A lone figure steers their way through a waterlogged rice field; they stand on a thin wooden raft, punting. Their straw hat shades their face from the white sun.
The blue arch of the sky stretches across the sunlit grass, the reflection of clouds gently ripple in the water. Sweeping landscape leaves the cliché and becomes real life – though the phrase doesn’t feel like enough for all this magnificence.
It has been raining all day and only stopped an hour or so ago – all this blue is lucky.
Nestled in Hue’s countryside is a Japanese style bridge, built in the eighteenth century.
According to the guide, it is the local make out point. Not something that first springs to mind when you see this picturesque point but fair play to those locals.
The tour continues to stop at other noteworthy points – only the bridge has any vaguely romantic connotations, even though the old arena where tigers and elephants used to fight one another has surprisingly cosy spots in it.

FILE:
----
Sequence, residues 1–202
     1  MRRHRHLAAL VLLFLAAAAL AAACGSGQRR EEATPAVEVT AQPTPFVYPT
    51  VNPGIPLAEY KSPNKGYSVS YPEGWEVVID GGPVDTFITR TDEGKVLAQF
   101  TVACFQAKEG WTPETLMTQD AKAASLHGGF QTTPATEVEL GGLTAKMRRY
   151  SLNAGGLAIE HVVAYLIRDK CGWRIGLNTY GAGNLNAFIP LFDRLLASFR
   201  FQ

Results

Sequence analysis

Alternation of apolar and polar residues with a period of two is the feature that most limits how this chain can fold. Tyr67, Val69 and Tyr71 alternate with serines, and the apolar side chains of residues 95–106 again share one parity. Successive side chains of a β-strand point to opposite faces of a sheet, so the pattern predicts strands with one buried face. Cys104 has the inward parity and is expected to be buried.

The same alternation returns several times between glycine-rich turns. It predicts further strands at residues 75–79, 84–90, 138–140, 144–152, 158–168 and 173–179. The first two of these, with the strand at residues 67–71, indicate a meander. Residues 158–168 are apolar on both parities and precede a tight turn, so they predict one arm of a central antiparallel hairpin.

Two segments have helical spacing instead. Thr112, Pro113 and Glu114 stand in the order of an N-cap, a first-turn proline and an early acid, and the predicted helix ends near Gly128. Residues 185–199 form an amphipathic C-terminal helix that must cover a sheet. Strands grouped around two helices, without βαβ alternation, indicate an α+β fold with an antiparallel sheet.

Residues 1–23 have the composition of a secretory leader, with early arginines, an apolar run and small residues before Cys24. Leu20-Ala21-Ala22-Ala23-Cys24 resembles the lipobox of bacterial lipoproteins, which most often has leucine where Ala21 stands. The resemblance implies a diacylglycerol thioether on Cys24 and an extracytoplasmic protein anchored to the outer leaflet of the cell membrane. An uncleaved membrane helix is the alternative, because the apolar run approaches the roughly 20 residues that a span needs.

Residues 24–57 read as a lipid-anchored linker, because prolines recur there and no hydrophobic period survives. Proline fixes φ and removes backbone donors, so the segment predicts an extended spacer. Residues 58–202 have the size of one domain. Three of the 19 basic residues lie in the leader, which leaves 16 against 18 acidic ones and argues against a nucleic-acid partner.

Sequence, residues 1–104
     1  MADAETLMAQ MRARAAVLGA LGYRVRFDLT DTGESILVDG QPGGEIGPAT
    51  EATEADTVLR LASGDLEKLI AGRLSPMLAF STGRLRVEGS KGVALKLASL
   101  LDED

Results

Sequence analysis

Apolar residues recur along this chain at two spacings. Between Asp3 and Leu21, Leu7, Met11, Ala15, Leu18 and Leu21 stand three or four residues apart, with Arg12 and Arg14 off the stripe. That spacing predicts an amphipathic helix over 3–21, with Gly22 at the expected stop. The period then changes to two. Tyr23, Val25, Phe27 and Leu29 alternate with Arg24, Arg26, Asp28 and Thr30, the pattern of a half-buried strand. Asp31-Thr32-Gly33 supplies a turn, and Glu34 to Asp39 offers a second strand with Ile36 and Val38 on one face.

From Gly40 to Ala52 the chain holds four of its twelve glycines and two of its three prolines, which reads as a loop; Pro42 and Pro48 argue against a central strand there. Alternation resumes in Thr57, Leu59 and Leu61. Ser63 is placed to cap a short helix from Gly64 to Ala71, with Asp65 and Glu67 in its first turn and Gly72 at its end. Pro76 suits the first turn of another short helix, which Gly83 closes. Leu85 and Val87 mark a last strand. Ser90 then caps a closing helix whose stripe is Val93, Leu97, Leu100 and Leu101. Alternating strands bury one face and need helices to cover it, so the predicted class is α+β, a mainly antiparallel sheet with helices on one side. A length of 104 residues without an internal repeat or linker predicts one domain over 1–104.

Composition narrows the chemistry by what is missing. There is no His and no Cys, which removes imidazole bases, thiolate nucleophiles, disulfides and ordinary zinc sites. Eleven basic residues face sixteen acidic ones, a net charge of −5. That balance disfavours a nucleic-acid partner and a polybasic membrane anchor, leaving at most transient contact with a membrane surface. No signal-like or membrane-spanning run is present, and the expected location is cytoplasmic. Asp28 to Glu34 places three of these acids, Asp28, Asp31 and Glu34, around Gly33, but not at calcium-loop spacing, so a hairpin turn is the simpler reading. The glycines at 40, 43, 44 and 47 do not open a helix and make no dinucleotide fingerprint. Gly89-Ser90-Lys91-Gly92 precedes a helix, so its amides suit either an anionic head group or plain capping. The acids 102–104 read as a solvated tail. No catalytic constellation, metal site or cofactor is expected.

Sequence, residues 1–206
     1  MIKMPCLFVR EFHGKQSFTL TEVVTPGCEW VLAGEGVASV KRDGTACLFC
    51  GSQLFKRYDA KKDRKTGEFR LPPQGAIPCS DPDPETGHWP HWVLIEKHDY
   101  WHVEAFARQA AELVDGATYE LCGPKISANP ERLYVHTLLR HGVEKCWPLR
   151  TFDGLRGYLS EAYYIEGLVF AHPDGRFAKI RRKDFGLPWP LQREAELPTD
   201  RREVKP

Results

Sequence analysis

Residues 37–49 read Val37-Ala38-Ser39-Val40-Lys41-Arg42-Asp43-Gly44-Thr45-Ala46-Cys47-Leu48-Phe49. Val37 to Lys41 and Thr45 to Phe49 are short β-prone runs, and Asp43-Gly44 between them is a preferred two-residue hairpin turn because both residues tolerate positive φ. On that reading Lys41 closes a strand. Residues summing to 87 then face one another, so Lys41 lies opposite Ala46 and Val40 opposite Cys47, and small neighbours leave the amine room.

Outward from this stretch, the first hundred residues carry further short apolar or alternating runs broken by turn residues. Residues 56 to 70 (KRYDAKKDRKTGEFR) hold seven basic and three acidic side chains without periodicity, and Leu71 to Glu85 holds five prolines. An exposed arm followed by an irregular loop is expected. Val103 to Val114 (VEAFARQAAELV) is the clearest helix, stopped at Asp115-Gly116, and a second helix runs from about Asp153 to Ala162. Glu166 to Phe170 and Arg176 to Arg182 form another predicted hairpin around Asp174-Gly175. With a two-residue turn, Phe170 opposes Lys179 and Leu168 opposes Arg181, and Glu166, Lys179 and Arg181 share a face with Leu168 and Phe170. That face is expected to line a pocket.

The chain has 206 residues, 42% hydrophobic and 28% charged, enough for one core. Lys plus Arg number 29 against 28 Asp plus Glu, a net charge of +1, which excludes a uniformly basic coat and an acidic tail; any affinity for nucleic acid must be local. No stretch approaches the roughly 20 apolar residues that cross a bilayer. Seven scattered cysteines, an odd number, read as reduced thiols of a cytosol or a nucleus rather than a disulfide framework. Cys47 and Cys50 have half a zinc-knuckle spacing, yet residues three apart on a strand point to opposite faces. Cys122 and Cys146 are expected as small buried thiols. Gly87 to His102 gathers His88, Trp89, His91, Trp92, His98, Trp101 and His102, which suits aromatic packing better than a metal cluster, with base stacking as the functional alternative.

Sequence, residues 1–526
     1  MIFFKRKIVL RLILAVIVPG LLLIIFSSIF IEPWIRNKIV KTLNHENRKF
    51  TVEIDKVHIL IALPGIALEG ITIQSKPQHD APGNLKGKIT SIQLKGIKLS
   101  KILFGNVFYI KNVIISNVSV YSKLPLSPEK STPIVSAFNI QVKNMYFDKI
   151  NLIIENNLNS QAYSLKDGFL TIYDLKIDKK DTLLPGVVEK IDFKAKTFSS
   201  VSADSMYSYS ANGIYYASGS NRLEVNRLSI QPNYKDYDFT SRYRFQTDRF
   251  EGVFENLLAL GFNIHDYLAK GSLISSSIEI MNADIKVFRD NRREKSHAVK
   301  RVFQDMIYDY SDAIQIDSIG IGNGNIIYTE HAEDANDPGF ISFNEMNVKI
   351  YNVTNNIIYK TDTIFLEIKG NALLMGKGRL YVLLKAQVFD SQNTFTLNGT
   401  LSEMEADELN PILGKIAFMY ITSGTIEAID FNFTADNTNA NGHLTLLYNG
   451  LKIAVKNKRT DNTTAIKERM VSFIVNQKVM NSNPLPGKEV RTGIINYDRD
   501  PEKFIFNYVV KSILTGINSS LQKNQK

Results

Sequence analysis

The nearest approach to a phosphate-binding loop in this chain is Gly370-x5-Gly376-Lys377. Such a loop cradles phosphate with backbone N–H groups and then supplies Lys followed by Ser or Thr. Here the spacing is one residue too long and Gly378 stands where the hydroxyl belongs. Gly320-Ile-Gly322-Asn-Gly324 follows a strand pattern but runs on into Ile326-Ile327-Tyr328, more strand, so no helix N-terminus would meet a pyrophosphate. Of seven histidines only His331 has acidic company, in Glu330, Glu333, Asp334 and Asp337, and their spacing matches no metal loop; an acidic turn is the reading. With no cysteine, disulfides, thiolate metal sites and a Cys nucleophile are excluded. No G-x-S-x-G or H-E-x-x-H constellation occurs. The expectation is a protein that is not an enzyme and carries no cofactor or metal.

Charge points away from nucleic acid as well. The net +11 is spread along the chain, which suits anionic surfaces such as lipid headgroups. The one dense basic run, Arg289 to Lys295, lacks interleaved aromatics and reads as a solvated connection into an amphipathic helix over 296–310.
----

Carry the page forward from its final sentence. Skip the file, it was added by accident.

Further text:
After driving through a Buddhist tomb* and an incense village, the thread of bikes wind through trees where wispy black tree trunks break up clouds of green.
A short walk through the forest leads to this view.
The river pushes the forest apart, the sun light beginning to fade as evening clouds enter. The sky is dimming but the view still dazzles.
The last spot on the tour is the pagoda, an impressive structure, though perhaps not so much as the surrounding country it sits amongst.
Driving back on main roads – this time surrounded by motorists rather than mountains – it feels like you’re part of the community albeit rather fleetingly. The city is beginning to come to life, flashing lights, neon, motorbikes, horns, juxtaposed by the still river on the other side of the road.
It begins to rain as the last of the engines switch off, the streets are quickly soaked. All the blue has faded to grey.
(Also if you’re wondering – you pronounce Hue like way but with a H)